I wanted to end my series on Spring here in East Tennessee with this stream scene, and a story of high-adventure on Tremont Road. For those uneducated on the Great Smoky Mountains, Tremont Road is photographers playground that sits just off the main road that leads back to Cades Cove. The road follows the Middle Prong of the Little River, past the Tremont Institute, where it turns to gravel and travels several more miles before ending abruptly at a small parking lot for hikers and horse-back riders that wish to travel the Middle Prong trail. The stream offers a plethora of nice settings, which we all deem as being “classic Smoky Mountains”. I had been aiming to make it up there for a few weeks while the trees were still donning their foliage; the time of year offers a nice contrast of greens and yellows that tend to make images “pop”. The Spring is also when the streams are generally flowing their best, which also plays wells for photos, however I had yet to find the time.
On this particular morning, my friend Paul and I decided to abandon the sunrise in favor of heading to Tremont, as the coming storms had already blanketed the sky with thick clouds. It was windy, something you generally try to avoid, but we opted to go anyway if for no other reason than to find some spots to come back to on a more favorable morning. Plus, we both had trips coming up, so it was possible we’d miss out altogether if we waited much longer. In any case, found our spot and began working our way up the river banks. Did I mention it was windy? I eventually pulled my hood up because I kept getting hit with flying debris and I thought the little bit of fabric may save my scalp a little bit. After a while we both decided it was probably time to leave and conceded that, had our wives been with us, we’d have probably left a long time ago because the wind had gotten so bad. We chuckled and I said, “Man, it’s like high-adventure back here on Tremont road!” Little did I know what lie ahead!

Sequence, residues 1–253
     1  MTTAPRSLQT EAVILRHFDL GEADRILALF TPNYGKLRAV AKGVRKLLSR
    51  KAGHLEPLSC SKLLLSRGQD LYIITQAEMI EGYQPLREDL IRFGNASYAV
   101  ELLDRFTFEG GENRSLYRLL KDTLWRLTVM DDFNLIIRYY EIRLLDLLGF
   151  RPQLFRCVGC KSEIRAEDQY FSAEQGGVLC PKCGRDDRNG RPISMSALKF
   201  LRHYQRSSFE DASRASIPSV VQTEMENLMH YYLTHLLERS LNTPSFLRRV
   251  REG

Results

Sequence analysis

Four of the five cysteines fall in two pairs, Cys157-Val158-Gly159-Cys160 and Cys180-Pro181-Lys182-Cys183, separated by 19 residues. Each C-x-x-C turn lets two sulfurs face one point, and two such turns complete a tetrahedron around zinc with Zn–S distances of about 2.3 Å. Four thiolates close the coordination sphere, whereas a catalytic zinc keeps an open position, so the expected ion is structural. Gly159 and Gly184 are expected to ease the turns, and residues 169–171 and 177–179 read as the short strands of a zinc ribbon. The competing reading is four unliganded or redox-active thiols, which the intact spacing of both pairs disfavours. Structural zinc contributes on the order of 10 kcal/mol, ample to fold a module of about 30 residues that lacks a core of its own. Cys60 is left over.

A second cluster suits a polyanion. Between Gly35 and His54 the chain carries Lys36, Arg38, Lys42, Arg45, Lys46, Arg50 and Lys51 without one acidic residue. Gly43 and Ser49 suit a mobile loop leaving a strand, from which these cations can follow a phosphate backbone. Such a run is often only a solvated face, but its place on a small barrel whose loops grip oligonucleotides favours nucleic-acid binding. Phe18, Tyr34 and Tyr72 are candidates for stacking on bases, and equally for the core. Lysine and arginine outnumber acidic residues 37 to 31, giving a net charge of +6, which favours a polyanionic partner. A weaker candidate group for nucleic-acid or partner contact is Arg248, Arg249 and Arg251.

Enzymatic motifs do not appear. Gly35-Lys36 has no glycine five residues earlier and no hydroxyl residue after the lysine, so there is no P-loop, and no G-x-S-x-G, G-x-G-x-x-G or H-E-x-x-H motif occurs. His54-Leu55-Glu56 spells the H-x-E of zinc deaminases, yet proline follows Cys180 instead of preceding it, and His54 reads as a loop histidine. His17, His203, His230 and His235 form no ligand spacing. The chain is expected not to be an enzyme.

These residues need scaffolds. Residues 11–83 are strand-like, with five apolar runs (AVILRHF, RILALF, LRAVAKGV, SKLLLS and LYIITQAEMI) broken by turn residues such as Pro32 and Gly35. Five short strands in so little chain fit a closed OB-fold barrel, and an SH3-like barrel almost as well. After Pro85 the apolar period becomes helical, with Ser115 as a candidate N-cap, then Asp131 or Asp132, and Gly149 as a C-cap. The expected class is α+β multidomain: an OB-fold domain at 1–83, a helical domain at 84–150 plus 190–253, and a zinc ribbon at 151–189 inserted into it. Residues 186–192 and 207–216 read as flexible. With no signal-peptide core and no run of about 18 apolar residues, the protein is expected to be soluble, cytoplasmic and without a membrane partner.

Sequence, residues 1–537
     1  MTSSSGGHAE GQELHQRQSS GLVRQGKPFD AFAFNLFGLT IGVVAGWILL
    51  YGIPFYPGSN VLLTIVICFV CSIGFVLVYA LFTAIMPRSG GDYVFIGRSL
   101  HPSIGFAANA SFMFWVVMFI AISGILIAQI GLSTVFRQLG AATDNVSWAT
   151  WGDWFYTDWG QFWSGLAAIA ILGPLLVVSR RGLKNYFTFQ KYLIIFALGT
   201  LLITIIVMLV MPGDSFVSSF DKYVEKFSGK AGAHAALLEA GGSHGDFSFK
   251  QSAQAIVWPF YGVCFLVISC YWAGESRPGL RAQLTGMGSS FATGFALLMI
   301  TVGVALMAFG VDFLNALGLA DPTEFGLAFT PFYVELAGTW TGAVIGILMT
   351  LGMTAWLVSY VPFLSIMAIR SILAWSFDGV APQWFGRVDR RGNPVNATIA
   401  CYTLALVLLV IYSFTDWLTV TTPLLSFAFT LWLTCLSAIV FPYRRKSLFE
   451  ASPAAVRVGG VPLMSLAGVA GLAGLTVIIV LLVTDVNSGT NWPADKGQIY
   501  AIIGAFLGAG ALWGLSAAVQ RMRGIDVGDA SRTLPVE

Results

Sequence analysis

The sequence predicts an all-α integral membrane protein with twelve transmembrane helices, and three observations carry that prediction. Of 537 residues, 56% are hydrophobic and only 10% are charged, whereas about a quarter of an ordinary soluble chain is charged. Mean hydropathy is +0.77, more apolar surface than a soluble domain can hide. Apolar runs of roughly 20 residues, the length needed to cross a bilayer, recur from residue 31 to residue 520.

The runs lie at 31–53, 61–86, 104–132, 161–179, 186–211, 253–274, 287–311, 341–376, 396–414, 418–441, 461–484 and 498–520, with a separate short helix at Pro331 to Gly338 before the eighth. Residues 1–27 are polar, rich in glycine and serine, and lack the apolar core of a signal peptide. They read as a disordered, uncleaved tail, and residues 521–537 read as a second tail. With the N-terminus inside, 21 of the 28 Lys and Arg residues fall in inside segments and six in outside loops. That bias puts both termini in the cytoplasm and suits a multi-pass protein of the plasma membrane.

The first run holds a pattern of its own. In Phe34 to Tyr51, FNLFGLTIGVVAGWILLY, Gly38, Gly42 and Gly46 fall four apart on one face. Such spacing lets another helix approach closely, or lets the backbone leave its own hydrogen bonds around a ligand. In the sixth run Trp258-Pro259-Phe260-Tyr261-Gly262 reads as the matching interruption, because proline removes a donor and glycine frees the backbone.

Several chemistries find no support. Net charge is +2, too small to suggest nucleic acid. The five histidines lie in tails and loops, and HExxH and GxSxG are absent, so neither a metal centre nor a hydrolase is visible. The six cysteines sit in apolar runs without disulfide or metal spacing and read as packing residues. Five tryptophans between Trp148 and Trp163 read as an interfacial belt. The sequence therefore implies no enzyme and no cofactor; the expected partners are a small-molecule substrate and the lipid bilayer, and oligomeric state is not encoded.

As I was putting my stuff in the car, Paul had already drug some sticks out of the road so we could get through without them scraping the side of the car. We proceed on and found some large limbs laying in the middle of the road, no big deal. Then a tree down… then another; this was worse than we thought! I joked and said that I kept waiting to round a corner and find a tree that was so big we couldn’t move it… then it happened. A giant tulip poplar tree had fallen from the other side of the river, all the way across the road. We both hopped out and started trying to break limbs and move pieces to the side. Slowly we got a clearing almost big enough to get Paul’s car through… almost. He pulled up and it was obvious it wasn’t quiet big enough. There was one branch that was too big to break, and too high to try to just drive over. I was able to push it back far enough that Paul got the nose of this car through, and then was able to push off his car to get it move just a little more. He eeked the car through as I held my body, and the limb, off his car with one arm, then I let go once he got through and the limb snapped back into place. Craziness! We definitely earned our photos that morning!